Thoughts from Drug Court

I left my house this morning at 8:10 to visit Drug Court with a defendant I know.

Things I noticed:
Young men who wear their pants below their buns actually go through the motions of pulling them up, but only to just-below-bun level. 
These same young men can rely on their pants to stay up just by virtue of the pant legs touching the floor. They can’t fall down anymore than they already have.
The court system is incredibly dehumanizing. Even with a caring, competent judge, the accused is at the mercy of the court and must simply wait as long as it takes. In our case, we waited over 2 1/2 hours for 3 minutes in front of the judge. But that’s the way it works.
It is my preference never to be handcuffed as that looks like some kind of uncomfortable situation right there.
I have added court-appointed attorney to my list of jobs I am grateful I do not have. I think they provide a necessary service and are hugely important to the legal lives of millions of prisoners, but what is it like to work with person after person without really being able to touch them. I’ll grant you I’ve never been an attorney or a defendant, but from the outside, that looks like a tough gig.
My heart went out to the old man next to me whose CAA told him in front of everyone that he does not qualify for Drug Court because of his “extensive felony record.” When the attorney walked away, the man said in frustration, “I haven’t been in trouble in twenty years.” I responded sympathetically. Before he walked away, he sadly said. “This stuff just never goes away.”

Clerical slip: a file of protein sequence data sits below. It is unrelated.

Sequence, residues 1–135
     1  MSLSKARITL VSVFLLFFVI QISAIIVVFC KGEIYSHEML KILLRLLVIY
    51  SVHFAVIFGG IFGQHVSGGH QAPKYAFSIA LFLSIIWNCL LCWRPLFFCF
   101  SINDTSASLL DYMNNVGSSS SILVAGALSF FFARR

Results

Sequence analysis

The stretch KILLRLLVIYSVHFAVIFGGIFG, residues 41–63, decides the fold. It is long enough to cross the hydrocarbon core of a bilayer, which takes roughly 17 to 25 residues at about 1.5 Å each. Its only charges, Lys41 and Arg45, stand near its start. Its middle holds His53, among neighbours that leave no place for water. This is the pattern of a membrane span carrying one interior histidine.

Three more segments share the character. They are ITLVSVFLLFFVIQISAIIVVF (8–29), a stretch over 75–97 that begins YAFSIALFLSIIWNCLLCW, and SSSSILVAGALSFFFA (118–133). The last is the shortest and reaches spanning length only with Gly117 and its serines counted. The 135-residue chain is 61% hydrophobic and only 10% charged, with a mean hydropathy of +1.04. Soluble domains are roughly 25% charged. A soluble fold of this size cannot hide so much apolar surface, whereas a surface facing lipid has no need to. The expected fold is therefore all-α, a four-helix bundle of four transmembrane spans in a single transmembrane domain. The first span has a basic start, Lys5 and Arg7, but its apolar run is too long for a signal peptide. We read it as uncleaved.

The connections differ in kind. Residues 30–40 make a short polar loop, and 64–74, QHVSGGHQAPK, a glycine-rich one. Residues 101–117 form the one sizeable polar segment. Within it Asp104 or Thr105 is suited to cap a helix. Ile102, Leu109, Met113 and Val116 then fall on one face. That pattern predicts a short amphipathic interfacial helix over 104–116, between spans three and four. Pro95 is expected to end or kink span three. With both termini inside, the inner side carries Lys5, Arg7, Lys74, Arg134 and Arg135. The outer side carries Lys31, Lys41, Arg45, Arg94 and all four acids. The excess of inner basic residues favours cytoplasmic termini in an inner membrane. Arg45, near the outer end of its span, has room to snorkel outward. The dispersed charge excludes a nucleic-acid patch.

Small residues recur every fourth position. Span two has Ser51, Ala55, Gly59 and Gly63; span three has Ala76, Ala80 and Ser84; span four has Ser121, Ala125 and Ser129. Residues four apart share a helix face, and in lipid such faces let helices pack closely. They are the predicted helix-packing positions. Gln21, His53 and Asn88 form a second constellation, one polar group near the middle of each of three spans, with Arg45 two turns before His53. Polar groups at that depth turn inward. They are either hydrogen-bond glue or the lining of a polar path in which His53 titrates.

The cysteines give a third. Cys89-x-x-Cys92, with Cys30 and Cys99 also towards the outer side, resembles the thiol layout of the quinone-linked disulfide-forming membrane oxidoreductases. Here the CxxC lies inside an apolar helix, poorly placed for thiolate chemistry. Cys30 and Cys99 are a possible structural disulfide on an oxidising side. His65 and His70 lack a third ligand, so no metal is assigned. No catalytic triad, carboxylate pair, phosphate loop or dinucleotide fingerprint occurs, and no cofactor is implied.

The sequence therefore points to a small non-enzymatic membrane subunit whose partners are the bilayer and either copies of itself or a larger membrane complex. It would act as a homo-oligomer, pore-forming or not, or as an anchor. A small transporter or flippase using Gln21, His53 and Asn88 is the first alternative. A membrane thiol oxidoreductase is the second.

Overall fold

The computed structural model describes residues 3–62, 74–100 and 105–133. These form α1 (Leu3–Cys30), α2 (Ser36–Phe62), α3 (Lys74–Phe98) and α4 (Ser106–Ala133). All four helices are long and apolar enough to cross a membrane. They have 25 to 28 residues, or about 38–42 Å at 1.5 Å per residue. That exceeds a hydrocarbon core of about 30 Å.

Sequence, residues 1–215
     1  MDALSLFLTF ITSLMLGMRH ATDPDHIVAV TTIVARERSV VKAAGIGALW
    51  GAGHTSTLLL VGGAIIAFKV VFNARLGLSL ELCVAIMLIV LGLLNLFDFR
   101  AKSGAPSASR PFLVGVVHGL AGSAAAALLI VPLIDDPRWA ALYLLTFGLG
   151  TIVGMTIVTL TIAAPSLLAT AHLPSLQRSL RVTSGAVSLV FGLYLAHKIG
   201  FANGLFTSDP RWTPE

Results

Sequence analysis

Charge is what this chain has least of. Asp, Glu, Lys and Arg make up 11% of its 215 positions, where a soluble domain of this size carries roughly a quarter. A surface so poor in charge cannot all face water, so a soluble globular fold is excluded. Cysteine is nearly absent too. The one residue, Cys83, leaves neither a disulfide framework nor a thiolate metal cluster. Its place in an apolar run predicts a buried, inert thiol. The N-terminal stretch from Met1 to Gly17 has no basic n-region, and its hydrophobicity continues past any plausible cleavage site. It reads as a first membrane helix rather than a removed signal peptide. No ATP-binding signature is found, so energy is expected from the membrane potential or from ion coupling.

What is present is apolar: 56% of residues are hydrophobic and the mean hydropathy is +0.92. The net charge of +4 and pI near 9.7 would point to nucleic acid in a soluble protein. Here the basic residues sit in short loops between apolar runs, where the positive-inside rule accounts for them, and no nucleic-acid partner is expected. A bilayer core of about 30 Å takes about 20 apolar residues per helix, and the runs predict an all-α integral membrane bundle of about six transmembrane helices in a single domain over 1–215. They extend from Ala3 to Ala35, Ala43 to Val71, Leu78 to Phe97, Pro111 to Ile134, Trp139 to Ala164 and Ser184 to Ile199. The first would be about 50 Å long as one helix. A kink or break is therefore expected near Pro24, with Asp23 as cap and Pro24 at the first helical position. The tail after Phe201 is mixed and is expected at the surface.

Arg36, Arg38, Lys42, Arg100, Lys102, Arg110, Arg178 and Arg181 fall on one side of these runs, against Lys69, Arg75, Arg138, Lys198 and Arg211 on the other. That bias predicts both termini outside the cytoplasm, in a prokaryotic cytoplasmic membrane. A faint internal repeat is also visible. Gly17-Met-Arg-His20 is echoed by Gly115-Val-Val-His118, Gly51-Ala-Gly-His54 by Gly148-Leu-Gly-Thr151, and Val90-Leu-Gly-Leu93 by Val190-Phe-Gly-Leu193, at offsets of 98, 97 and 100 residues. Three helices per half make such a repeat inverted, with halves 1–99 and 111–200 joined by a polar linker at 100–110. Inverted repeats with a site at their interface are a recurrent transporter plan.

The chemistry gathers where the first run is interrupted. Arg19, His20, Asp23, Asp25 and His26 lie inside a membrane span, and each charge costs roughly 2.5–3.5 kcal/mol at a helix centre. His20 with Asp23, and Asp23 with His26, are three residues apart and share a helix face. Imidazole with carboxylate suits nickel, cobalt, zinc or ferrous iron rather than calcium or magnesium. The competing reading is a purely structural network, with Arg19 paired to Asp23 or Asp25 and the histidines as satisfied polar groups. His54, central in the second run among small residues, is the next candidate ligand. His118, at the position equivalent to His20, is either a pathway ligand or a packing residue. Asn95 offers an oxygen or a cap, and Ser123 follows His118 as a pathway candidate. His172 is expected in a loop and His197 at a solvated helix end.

Don’t I just wish that every young person in that courtroom could understand what an opportunity they have in Drug Court. The opportunity to come out without a record, while being given treatment to deal with the substance abuse issue. And yet, substance abuse is surely only the tip of the iceberg for many, if not all, who stand before that judge.

The opportunity not to have to say in 40 years, “This stuff just never goes away.”

One thought on “Thoughts from Drug Court

  1. Susan, what a great article filled with compassion and understanding. You gave a different perspective on a common experience. Thank you for shedding some light on other lives. Blessings to you, Ann

    Like

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